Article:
I hate to fall back on the old but terribly helpful idiom: Oppressed people suck. As little as a few decades of oppression can render a people quite incapable of running their own affairs in a civilized fashion or behaving like responsible individuals.

Of course, even that is just a restatement of Nietzsche. People without power define themselves by blowing out of all proportion the most trivial and irrelevant differences between themselves and the powerful. If people with power have money, it will turn out that money is the root of all evil. If people with power tolerate gays, then it will be unclean to tolerate gays. If people with power wear blue shoes, it will soon be discovered that it is immoral to wear blue shoes. The weak can always invent ways to make themselves the true moral superiors, and there is no end to the suffering they will endure or inflict to do so.

As far as I can tell, this

As far as I can tell, this didn't happen when the English oppressed Ireland, but it's still interesting.

According to FreeDomain

According to FreeDomain Radio's Stefan Molyneux, the first and foremost condition for freedom lies in how your parents taught you about obedience:

To many libertarians, the answer seems clear: children are turned into statists in public schools, where conformity and a deep, fearful "respect" for arbitrary authority is instilled day after day.

However, this cannot be the full extent of the story. Anyone who has spent any time around toddlers during the "terrible twos" knows that the willpower and independence of very young children is a near-superhuman force. It strains credibility to imagine that a single kindergarten teacher can restrain in 30 children the force that two parents find difficult to deal with in one child.

Thus it must be that many children are delivered into the public school system with their independence already undermined, and filled with unease in the face of arbitrary authority.

This lesson can only have come from their parents.

This does not mean that all parents are malevolents beasts out to destroy their children, but rather that the virtue of subjugating oneself to arbitrary authority -- which is another way of saying that arbitrary authority is always virtuous -- tends to reproduce itself generation by generation. Children who are subjugated to the mere authority of their parents -- without reference to objective values -- tend to grow up with a blind spot about the dangers of arbitrary power, and to assume its virtue in the absence of evidence.

This approach also helps explain another baffling aspect of libertarianism -- why people take political arguments so personally. How many times have you been involved in political or economic discussions with someone who gets irrationally offended by your arguments? Unless you are Condoleeza Rice, if you and I are discussing foreign policy, it has about as much relevance to our daily decisions as the existence of a gas planet orbiting Alpha Centauri. People rarely get offended about mathematics, but economics and politics seems to light an enormous fuse in far too many people.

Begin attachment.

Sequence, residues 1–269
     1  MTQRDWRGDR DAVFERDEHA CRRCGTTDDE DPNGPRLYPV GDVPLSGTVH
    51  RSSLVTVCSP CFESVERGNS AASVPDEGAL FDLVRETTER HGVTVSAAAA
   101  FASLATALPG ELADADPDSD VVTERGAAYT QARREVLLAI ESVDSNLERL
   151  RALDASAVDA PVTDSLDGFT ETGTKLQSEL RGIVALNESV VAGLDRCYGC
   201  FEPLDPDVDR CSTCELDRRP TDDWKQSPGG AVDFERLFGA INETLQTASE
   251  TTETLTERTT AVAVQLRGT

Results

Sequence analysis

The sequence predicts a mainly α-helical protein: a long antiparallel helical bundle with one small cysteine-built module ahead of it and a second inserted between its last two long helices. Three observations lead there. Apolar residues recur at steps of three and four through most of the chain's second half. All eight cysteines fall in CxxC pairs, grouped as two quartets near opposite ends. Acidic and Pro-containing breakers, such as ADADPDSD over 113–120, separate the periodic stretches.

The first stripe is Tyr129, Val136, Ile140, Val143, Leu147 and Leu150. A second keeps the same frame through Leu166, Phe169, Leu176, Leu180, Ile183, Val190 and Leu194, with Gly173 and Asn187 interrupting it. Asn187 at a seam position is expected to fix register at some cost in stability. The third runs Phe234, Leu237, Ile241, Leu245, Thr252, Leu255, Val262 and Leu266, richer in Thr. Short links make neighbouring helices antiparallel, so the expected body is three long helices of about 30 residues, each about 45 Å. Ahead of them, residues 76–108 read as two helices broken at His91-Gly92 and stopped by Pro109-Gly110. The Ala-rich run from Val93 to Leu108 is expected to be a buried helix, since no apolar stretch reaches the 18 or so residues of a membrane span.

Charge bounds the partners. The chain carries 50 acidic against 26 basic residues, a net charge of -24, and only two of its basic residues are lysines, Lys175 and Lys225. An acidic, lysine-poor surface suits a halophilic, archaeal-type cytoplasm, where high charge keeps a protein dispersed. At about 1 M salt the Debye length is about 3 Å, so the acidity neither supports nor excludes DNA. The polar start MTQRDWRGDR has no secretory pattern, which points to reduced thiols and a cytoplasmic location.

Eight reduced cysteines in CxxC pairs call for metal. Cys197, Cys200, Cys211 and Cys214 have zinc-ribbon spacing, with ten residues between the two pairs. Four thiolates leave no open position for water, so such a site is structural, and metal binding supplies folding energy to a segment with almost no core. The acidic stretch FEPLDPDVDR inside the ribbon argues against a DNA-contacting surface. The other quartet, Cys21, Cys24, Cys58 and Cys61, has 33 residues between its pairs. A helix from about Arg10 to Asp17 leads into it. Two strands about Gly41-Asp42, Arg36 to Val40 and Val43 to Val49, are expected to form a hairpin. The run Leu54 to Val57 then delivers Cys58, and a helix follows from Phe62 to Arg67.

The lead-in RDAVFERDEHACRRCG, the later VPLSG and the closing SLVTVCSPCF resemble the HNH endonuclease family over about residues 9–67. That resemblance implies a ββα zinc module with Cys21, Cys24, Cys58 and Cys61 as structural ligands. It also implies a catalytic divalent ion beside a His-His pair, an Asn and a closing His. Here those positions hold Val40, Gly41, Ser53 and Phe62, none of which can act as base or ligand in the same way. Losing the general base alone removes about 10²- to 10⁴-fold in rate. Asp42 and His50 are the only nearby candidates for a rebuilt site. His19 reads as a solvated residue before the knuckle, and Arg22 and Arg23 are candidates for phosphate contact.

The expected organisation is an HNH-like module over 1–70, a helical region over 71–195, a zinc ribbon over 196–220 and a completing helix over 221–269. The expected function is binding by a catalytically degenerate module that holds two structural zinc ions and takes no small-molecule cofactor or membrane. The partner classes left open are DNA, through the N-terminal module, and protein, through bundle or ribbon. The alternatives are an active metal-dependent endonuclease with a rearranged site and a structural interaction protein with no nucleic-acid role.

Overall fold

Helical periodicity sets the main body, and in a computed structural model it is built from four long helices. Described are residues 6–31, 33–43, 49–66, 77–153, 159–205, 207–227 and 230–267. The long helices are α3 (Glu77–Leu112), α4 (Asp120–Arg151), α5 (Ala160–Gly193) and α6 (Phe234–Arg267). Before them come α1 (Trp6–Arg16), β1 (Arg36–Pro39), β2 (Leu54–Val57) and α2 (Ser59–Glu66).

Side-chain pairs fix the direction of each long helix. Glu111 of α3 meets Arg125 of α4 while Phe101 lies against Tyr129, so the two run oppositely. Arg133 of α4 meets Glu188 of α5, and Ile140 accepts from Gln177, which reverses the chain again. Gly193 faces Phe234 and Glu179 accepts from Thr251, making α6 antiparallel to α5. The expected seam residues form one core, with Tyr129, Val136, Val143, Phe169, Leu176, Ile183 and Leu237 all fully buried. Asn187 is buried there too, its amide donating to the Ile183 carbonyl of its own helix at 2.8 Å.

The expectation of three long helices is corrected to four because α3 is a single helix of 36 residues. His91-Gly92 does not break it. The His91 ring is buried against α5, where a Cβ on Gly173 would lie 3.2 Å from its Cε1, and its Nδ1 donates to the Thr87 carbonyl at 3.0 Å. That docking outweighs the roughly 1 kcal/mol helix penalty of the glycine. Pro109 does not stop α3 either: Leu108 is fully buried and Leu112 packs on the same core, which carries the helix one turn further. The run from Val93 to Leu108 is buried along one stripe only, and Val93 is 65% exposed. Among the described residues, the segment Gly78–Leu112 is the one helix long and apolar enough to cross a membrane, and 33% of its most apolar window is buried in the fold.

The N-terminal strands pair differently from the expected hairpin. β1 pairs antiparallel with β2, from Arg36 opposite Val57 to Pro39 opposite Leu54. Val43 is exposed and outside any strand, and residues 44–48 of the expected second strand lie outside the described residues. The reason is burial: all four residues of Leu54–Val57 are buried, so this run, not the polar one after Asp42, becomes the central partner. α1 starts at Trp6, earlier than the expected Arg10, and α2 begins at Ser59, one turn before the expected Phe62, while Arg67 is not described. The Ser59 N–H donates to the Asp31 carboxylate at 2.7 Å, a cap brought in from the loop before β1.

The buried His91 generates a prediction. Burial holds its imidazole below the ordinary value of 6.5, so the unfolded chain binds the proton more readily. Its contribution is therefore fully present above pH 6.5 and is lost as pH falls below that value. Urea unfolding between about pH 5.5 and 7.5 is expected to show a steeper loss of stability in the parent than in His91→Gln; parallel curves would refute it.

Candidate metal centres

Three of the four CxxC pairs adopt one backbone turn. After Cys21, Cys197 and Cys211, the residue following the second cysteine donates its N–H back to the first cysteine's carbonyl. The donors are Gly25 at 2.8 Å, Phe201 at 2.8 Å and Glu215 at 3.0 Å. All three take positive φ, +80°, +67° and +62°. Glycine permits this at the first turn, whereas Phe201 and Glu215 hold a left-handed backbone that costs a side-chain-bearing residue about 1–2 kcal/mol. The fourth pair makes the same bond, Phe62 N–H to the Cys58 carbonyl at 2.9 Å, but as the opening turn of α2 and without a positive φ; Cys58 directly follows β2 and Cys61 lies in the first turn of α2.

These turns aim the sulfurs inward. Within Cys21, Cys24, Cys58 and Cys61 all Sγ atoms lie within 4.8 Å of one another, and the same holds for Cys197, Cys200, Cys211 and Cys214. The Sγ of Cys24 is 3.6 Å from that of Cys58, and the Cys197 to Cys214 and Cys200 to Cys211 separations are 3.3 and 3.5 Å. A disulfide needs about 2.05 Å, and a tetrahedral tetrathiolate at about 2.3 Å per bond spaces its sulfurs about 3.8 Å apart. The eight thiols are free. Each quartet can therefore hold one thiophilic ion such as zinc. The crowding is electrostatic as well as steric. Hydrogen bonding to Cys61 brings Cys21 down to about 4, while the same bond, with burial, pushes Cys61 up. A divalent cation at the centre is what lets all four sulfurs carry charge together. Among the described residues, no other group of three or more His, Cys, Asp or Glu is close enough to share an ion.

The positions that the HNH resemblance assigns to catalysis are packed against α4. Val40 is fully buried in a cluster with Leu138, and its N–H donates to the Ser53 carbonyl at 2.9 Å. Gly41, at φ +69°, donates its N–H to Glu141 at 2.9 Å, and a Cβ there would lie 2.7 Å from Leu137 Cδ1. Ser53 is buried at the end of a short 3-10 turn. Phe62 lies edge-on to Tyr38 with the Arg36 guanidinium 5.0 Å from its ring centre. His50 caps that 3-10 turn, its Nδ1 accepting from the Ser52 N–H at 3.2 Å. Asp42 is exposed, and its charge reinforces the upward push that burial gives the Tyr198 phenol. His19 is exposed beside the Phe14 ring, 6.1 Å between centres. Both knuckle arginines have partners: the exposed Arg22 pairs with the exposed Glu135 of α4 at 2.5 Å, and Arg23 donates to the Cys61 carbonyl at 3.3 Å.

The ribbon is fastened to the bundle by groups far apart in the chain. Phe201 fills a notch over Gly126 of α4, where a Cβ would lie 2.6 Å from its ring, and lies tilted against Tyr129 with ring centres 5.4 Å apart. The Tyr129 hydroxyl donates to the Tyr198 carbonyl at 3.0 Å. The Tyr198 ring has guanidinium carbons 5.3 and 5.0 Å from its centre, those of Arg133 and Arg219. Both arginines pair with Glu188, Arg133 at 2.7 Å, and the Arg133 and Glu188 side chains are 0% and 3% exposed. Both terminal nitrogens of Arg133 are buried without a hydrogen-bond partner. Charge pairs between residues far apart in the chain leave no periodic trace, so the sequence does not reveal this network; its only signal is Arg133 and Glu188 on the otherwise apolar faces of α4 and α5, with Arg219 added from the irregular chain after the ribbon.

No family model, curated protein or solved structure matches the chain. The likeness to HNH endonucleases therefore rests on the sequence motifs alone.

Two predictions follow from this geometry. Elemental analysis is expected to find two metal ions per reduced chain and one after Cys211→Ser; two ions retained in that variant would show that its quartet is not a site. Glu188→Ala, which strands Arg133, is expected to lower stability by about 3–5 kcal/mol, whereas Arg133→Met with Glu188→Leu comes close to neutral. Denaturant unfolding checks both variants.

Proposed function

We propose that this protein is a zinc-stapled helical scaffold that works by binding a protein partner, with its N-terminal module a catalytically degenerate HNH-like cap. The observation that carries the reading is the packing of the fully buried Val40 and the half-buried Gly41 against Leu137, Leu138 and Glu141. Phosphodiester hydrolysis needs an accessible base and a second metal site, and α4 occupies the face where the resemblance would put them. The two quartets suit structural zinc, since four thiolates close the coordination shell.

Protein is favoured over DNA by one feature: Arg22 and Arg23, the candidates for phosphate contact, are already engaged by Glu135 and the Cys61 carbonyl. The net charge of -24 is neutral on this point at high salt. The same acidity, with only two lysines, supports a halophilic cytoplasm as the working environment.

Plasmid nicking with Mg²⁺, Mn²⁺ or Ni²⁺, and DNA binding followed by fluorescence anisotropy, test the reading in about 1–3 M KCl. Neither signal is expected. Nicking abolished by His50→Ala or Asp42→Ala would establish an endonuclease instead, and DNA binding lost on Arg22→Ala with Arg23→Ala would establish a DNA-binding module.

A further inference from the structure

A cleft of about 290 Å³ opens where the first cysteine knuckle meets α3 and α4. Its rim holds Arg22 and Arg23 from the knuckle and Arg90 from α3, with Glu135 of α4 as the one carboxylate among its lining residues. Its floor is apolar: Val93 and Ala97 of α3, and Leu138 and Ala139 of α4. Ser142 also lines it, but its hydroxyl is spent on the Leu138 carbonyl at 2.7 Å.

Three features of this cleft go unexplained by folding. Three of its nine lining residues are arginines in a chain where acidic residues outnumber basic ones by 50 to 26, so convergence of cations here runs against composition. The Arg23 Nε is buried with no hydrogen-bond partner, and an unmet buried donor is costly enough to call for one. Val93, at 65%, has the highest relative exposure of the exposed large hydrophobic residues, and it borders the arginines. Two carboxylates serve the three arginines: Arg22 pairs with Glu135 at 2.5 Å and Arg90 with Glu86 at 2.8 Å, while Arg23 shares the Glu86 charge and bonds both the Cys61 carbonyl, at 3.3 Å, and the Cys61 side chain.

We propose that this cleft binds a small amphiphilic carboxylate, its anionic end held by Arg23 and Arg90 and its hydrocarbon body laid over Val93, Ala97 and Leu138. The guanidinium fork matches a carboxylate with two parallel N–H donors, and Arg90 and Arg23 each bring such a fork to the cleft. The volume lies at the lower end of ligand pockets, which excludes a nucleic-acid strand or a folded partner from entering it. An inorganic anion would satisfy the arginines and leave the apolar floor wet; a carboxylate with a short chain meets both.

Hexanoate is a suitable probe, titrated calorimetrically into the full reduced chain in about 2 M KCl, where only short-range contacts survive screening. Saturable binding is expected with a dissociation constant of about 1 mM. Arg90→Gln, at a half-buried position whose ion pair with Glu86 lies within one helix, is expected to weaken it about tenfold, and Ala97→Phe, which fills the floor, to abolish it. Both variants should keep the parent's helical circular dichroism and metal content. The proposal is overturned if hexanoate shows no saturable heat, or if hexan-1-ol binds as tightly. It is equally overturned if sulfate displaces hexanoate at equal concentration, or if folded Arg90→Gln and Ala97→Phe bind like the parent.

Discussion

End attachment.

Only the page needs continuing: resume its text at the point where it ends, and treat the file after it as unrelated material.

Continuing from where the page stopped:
I don't know

To many question arise in my mind after reading this. Which public school system is accepting 2 year olds? Hom much more "arbitrary" is being made to take a nap at school vs. at home? Do private day care and elementary schools do anything different from public?

I don't know about your

I don't know about your place, but here the school system accepts children around 3. In fact, the left's presidential candidate proposed to make school mandatory for all children of age 3 or older. As for the differences between private and public regarding "arbitrary authority", well, I don't think there are any nowadays ; however one should remember that the entirely private schooling system of last century and earlier was very different from today's schooling (nannies and tutors).

But the cultural conditions

But the cultural conditions for liberty are in infancynon-existent.


- Josh

I was recently in Russia

and I was told there was to be a gay pride parade in Red Square in a week and they were closing off an area (near Lenin's tomb) for it already -- for the whole week, not because they needed to but because they could, as I understood it. Unfortunately I didn't get more details - as to whether it was legal (though I would think it was if they were cordoning off an area for it) or on the general attitude to it. The very traditional young man who told me about it didn't seem too bothered by it. My guess is that the older generations might have a problem with gays or with expressive gay pride parades, but that the young probably don't, especially those who have been more exposed to the west, to other cultures, to global media, etc.